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Putin warns against creating no-fly zone over Ukraine

Russia cracks down on media
New Russia law threatens prison time for anyone speaking out against the Kremlin 02:30

Russian President Vladimir Putin warned Saturday that his country would consider any third-party declaration of a no-fly zone over Ukraine as participation in the war there.

He said Russia would view "any move in this direction" as an intervention that "will pose a threat to our service members."

"That very second, we will view them as participants of the military conflict, and it would not matter what members they are," the Russian president said Saturday at a meeting with female pilots.

Russian President Vladimir Putin gestures during his visit to Aeroflot aviation training complex outside Moscow on March 5, 2022. MIKHAIL KLIMENTYEV/SPUTNIK/AFP via Getty Images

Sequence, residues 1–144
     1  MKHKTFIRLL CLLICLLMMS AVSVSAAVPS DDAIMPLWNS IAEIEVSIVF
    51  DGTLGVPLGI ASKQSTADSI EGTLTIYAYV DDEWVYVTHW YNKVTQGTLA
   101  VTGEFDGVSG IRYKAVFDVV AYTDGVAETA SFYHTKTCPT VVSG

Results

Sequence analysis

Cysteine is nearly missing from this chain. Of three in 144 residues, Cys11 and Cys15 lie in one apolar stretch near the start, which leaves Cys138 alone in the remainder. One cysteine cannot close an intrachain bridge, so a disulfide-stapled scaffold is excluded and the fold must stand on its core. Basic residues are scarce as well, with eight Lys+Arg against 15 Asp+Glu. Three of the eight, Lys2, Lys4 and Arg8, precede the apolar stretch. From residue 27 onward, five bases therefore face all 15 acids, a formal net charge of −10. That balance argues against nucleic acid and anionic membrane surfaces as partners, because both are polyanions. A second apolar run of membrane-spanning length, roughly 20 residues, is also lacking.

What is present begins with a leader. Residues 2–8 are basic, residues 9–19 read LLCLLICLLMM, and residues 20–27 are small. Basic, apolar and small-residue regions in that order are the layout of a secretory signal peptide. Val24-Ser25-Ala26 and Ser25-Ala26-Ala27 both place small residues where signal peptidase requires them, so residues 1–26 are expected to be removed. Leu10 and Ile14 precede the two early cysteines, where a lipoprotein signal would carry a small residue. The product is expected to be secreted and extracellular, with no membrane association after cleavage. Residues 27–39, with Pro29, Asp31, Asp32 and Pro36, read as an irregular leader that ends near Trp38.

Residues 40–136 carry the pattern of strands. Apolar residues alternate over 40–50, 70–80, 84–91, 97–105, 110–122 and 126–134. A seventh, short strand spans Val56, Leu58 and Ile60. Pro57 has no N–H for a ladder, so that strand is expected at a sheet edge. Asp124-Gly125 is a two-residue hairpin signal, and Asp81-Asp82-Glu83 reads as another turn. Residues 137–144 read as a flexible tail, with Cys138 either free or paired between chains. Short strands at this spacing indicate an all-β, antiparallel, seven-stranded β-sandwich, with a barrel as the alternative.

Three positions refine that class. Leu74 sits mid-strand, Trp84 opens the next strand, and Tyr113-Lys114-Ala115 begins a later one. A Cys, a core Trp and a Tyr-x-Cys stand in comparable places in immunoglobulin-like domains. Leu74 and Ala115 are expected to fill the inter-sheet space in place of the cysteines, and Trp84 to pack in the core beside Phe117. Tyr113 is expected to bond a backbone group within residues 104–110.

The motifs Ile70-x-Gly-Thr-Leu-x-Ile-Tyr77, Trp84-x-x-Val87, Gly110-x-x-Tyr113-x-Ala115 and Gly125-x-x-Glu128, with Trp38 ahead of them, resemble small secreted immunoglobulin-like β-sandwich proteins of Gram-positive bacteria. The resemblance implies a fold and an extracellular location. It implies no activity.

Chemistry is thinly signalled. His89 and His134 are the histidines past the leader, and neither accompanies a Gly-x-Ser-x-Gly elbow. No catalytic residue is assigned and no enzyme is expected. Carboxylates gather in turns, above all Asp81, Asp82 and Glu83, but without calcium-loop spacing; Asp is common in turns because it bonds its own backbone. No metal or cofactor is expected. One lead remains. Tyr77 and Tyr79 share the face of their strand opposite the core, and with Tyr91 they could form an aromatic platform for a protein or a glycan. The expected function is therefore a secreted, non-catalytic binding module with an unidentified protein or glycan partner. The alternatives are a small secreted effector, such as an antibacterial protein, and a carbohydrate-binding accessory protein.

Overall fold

Ukraine's president has pleaded for a no-fly zone over his country and lashed out at NATO for refusing to impose one, warning that "all the people who die from this day forward will also die because of you."

NATO has said a no-fly zone, which would bar all unauthorized aircraft from flying over Ukraine, could provoke widespread war in Europe.

But as the United States and other NATO members send weapons for Kyiv, the conflict is already drawing in countries far beyond Ukraine's borders.

Front-line fighting is now closing in on Ukraine's capital, Kyiv. And Russian tactics are becoming more and more diabolical. NATO's secretary general accused them of using banned weapons.

"We have seen the use of cluster bombs, which will be in violation of international law," said Jens Stoltenberg.

The number of people fleeing Ukraine amid the Russian invasion could climb to 1.5 million by the end of this weekend, Filippo Grandi, the head of the U.N. refugee agency, told Reuters on Saturday.

He described the situation as "the fastest moving refugee crisis we have seen in Europe since the end of World War II."

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